U.S.-Salvadoran Deal Could Send Asylum Seekers Back to Their Country

An agreement signed Friday between the United States and El Salvador threatens to prevent some asylum seekers to seek refuge in the U.S., allowing the country at the same time to send some of these people back to El Salvador.

The deal is aimed at limiting illegal immigration by improving security and economic opportunity in the Central American country, said Homeland Security Secretary Kevin McAleenan and El Salvadoran Foreign Minister Alexandra Hill Tinoco.

According to an administration official, under the deal, those asylum seekers who had not already claimed asylum when passing through El Salvador would be sent back.

CNN writes that the deal is part of President Donald Trump’s broader efforts to curb access to asylum in the United States while pushing for similar agreements with other nations as well.

“That is one potential use of the agreement that individuals crossing through El Salvador should be able to seek protections there and we want to be able to enforce the integrity of that process throughout the region,” said McAleenan when signing the agreement alongside Hill, stressing that the core of the deal is “recognizing El Salvador’s development of their own asylum system.”

It is unclear for now what the timing for the implementation is as both McAleenan and Hill refused to comment.

Hill noted, however, that the U.S. would need to support El Salvador in its fight against gangs and violence, as well as that “more investment” is needed for border security, biometric collection and resettlement.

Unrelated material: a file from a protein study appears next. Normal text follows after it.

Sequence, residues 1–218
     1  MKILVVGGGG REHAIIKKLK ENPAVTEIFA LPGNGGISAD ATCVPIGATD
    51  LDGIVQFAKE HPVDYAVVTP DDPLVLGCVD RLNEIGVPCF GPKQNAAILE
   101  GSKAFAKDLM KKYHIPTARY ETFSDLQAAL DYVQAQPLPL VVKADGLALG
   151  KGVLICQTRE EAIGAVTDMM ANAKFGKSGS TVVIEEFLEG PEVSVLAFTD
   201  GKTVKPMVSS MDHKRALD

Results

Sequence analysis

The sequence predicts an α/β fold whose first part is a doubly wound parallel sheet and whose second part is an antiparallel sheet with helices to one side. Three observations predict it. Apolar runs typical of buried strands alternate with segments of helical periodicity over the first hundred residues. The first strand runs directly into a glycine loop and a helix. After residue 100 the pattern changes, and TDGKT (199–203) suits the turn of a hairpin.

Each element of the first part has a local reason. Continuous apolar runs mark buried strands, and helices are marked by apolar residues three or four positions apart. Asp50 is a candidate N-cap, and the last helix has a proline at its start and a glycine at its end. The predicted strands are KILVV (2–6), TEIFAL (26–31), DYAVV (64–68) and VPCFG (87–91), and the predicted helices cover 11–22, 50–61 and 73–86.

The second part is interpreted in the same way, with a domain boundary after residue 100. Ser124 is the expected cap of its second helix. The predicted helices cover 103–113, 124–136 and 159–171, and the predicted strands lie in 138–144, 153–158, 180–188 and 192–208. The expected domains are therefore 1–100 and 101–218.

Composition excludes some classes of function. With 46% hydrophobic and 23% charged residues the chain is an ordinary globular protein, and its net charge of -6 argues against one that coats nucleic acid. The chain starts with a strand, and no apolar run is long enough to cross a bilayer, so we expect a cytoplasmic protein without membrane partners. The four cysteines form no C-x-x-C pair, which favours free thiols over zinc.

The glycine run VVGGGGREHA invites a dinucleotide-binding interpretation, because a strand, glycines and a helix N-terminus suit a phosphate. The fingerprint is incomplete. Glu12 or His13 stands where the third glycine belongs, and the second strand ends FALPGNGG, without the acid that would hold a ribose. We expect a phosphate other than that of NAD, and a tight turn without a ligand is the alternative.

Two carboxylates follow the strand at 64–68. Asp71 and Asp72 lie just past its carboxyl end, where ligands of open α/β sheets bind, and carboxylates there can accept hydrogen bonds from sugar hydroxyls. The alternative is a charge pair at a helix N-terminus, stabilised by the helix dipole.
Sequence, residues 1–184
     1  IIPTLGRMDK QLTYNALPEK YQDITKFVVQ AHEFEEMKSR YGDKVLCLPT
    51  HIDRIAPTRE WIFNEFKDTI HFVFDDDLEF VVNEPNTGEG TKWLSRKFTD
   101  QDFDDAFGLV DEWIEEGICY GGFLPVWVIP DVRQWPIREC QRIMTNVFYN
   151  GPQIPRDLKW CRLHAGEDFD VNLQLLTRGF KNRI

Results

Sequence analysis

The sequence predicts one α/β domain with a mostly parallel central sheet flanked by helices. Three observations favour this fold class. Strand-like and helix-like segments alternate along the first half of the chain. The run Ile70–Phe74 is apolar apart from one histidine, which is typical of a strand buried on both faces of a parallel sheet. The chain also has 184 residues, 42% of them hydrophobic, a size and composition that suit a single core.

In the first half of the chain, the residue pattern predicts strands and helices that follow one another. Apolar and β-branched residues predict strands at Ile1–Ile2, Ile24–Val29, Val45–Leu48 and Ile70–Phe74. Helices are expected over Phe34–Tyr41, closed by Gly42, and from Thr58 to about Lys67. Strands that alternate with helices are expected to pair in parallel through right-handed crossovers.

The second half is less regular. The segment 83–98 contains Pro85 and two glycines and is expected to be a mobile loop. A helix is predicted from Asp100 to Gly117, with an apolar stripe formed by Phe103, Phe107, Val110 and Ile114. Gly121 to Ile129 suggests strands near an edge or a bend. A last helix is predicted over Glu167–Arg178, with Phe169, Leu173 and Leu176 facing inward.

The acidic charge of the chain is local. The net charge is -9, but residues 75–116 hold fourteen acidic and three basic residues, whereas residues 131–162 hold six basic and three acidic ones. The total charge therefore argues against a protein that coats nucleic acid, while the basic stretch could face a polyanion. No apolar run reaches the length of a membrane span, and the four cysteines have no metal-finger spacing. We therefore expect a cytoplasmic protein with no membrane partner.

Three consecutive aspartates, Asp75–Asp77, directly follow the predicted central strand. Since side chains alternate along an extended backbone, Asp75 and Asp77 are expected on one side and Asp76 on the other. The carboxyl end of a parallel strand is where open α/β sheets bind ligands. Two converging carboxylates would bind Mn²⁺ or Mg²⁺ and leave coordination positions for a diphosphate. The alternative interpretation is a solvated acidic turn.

“We also need to talk and look at permanent solutions for El Salvadorans living in the United States,” she said, pointing out that there are almost 200,000 Salvadorans living in the U.S. legally.

Last year, the Trump administration ended the protected status for El Salvador and a number of other countries, but their protections stayed in place after a judge issues a preliminary injunction which prevented the government from terminating TPS.

McAleenan said Friday that apprehensions of Salvadorans trying to illegally cross the border have dropped over 62 percent in the past 100 days since the new Salvadoran government took office.

A similar agreement was signed with Guatemala in July, which obliges migrants to seek asylum in Guatemala and the country to grant it to them. Those who still decide to continue to the U.S. could eventually be turned away.

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